The price of oil rose nearly 2 percent Tuesday, reversing the losses from the previous two sessions.
Benchmark U.S. crude for March delivery gained $1.69, or 1.8 percent, to close at $97.41 on the New York Mercantile Exchange.
Two events could drive trading Wednesday: the latest report on U.S. oil supplies and the conclusion of a two-day meeting of the Federal Reserve’s monetary-policy committee.
Fed officials are widely expected to reduce the central bank’s monthly bond-buying that has underpinned an economic recovery.
Oil prices have benefited from the Fed’s stimulus, because it has kept the dollar from strengthening — making oil more affordable for traders using other currencies — and because low interest rates have attracted investors to commodities like crude oil in search of higher profits.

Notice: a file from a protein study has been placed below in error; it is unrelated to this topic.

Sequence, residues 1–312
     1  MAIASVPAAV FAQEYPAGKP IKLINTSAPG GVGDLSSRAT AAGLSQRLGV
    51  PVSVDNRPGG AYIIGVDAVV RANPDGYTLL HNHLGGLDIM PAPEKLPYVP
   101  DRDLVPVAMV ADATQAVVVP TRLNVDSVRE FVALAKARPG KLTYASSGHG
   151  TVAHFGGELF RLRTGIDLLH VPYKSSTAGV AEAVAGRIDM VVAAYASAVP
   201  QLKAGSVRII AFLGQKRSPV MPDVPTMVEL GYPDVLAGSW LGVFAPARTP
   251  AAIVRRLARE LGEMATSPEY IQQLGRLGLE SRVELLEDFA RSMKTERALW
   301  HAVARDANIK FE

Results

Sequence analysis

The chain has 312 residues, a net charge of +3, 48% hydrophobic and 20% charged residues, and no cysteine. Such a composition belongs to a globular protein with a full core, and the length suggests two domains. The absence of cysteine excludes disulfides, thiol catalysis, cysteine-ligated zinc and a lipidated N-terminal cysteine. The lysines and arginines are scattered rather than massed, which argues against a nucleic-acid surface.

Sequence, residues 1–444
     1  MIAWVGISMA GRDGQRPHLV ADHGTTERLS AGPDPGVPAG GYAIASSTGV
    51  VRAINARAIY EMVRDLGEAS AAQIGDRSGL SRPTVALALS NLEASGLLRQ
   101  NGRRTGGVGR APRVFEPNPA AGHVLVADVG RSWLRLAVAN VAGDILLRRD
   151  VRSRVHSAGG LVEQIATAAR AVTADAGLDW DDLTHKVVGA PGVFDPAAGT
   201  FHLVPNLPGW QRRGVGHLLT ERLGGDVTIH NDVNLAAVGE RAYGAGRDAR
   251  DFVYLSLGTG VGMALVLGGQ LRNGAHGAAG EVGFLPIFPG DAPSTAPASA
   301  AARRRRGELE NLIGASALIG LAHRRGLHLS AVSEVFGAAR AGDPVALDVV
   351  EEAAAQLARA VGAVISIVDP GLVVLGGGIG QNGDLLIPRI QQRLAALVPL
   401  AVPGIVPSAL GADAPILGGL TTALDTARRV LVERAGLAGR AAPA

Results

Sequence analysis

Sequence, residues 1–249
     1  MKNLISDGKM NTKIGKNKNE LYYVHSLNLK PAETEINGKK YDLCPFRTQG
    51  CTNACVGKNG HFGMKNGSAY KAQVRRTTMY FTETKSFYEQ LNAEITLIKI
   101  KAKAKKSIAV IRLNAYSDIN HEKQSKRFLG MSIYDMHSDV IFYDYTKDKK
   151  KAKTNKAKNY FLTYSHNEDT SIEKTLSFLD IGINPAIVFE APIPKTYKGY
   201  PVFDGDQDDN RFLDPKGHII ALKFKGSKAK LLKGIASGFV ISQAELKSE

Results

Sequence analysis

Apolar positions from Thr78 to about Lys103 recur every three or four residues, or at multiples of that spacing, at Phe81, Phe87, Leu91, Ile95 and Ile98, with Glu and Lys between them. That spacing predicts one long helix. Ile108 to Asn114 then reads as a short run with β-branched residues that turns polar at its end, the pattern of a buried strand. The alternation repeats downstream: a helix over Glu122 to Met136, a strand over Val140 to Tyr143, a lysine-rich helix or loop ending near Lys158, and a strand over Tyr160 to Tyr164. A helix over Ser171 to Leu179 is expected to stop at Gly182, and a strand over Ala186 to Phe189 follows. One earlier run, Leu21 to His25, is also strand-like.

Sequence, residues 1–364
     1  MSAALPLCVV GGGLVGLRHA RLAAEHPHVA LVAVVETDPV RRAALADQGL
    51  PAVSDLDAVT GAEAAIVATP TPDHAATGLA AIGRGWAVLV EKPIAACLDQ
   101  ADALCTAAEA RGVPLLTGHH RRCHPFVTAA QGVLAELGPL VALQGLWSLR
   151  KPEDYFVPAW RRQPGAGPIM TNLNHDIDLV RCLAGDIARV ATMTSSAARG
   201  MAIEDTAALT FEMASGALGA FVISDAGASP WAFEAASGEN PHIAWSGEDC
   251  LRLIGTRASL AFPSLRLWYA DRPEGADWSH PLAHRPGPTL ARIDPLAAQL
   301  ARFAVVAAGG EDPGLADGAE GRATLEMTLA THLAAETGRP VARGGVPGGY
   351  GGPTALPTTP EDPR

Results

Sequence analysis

As for supplies, data for the week ending Jan. 24 is expected to show increases of 2.1 million barrels in crude oil stocks and 1.6 million barrels in gasoline stocks, according to a survey of analysts by Platts, the energy information arm of McGraw-Hill Cos.
Brent crude, used to set prices for international varieties of crude, rose 72 cents at $107.41 a barrel on the ICE Futures exchange in London.
In other energy futures trading in New York:
- Wholesale gasoline rose 1 cent at $2.63 a gallon.
- Natural gas rose 19 cents to $5.03 per 1,000 cubic feet.
- Heating oil gained 3 cents at $3.12 a gallon.
In metals trading, gold for February delivery fell $12.60 to $1,250.80 an ounce. Silver for March delivery fell 29 cents to $19.50 an ounce.